K-12 public schools in Hawaii enroll almost 180,000 students, with 42% in poverty, 10% learning English, 81% minorities, and annual expenditures of a little over $2 billion. (Most recent NCES data)
Hawaii is one of only five states in which no case challenging the state's education finance system has ever been filed.
“The State shall provide for the establishment, support and control of a statewide system of public schools free from sectarian control, a state university, public libraries and such other educational institutions as may be deemed desirable, including physical facilities therefore…proceeds of special purpose revenue bonds…may be appropriated to finance or assist…non-profit corporations that provide early childhood education and care facilities.” Hawaii Const. art. 10, § 1.
Although Hawaii does not have a state funded pre-K program that meets the criteria established by NIEER, several initiatives providing early learning services receive funding from the state.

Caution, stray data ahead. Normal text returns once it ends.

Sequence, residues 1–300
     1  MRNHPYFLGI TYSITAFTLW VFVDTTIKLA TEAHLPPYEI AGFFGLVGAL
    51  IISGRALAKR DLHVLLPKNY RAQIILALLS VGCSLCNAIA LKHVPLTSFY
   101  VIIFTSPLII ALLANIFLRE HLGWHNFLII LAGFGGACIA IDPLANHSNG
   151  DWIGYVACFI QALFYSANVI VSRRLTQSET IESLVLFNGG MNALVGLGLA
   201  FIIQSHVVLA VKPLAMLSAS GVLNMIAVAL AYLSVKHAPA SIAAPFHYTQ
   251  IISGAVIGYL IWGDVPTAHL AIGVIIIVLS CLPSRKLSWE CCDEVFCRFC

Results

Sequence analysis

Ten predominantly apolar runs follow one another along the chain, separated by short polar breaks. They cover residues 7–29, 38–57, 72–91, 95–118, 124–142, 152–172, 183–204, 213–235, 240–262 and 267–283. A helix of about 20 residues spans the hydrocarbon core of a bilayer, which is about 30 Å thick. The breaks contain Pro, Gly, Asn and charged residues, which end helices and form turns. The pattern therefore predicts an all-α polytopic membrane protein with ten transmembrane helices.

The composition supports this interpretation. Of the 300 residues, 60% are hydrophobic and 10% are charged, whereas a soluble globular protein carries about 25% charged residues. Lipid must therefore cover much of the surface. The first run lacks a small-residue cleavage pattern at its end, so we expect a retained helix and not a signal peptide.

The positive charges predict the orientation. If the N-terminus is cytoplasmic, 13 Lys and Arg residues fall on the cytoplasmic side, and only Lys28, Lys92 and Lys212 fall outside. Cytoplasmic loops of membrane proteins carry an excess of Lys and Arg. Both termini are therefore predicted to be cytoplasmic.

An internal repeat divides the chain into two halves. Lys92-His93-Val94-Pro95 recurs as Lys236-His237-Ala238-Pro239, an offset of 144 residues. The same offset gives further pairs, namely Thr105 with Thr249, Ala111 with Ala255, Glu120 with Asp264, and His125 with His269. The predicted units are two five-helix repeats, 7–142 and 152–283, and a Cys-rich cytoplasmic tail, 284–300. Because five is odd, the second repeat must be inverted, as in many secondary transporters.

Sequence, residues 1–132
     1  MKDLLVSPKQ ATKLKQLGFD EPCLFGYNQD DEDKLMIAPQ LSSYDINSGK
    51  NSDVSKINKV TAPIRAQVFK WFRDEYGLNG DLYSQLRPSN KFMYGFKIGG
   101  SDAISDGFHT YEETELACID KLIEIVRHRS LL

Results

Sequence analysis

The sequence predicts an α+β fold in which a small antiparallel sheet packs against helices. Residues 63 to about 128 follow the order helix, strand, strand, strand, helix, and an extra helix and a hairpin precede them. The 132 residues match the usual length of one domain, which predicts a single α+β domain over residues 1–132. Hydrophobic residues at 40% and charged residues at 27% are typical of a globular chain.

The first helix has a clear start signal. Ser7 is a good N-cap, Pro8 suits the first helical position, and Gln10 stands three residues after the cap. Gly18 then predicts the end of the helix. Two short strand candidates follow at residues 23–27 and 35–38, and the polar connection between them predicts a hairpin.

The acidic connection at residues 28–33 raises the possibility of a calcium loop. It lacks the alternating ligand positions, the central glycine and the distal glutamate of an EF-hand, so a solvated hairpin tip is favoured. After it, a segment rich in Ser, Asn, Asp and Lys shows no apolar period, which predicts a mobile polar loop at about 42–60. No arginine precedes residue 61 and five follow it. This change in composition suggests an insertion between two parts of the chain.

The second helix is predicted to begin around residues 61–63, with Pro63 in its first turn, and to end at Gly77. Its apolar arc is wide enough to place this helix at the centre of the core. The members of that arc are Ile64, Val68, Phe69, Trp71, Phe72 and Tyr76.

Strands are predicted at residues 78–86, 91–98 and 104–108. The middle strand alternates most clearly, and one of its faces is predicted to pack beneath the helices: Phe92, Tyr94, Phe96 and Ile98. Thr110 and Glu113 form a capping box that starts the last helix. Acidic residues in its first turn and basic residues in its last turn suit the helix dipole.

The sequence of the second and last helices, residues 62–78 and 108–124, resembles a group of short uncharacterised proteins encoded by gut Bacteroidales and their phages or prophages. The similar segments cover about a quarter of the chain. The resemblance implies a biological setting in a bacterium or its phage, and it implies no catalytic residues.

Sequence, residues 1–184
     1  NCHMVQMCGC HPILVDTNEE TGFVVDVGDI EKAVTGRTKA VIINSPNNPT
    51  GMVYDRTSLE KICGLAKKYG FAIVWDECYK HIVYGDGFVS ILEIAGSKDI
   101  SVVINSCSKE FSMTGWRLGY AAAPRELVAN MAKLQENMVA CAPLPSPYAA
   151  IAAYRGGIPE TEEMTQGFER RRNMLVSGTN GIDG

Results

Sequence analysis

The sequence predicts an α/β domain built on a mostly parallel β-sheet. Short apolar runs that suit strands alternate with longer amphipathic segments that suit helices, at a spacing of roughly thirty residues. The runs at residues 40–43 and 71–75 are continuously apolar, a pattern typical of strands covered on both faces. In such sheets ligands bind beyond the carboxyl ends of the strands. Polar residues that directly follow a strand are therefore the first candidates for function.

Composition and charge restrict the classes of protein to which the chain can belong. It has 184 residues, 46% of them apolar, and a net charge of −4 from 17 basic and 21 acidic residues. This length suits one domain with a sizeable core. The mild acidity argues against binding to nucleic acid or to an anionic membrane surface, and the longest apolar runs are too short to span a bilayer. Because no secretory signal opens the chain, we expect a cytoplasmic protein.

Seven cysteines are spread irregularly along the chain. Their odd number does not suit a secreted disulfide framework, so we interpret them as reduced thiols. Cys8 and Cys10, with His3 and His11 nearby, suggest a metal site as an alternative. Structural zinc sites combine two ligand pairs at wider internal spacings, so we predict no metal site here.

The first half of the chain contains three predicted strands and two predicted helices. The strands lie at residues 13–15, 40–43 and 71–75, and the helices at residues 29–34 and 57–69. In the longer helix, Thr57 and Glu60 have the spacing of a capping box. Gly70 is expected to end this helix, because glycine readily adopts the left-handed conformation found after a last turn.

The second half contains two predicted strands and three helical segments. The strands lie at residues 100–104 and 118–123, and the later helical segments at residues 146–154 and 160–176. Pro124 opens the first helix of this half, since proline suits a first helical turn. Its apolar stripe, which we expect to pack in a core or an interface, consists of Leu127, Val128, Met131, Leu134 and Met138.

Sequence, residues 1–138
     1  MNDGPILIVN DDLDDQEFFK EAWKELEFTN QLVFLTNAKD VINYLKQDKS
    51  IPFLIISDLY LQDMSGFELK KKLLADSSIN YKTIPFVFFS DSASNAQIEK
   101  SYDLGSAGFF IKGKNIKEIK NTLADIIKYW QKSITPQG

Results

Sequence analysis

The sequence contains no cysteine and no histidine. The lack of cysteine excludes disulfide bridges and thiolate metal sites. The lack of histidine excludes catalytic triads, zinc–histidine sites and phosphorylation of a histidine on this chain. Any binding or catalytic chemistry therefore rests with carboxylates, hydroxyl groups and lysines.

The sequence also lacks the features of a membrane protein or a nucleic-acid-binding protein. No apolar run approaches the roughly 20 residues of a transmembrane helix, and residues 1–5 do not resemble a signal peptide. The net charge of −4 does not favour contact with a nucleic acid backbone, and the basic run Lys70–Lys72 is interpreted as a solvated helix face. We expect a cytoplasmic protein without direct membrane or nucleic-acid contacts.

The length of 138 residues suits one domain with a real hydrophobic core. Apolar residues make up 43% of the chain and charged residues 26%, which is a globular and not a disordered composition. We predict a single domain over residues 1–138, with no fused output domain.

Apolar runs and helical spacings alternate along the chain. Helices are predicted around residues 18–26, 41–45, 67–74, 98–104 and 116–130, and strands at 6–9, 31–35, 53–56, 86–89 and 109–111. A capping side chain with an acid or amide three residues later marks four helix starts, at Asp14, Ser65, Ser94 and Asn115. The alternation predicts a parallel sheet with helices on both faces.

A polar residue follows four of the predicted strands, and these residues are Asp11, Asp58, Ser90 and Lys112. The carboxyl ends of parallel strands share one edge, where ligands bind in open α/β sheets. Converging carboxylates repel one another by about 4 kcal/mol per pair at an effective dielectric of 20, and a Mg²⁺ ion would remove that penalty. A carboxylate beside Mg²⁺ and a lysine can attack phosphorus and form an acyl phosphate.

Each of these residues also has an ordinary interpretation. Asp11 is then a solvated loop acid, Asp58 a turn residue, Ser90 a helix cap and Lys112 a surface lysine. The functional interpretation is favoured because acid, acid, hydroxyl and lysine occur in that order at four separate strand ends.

Established in the early 1980s, the Preschool Open Doors Project gives low-income parents of 4-year-old children, and a limited number of 3-year-old children, money to purchase preschool in childcare facilities.
In 2002, Hawaii began supporting construction of preschool facilities at public school sites through the Pre-Plus Program. While seventeen Pre-Plus facilities have been constructed since the program’s inception, there is currently no funding available for further construction. The Pre-Plus Program does not directly fund educational services for children.
In 2008, the Hawaii legislature passed a bill establishing the Keiki First Steps Program for children from birth to age 5, with priority to at-risk children. Although the program is not a pre-K equivalent, it provides a variety of interactive learning experiences for eligible children.
Preschool education is also available to four-year-olds with a disability through Special Education Preschool, a half-day program intended to improve the school readiness of 4-year-olds with learning disabilities.
Additionally, the state Department of Education is currently piloting preschool programs at two elementary schools. These programs do not have an income requirement and eligibility is determined through a lottery. Four-year-old students would attend a preschool classroom in the same school where they will enroll in kindergarten.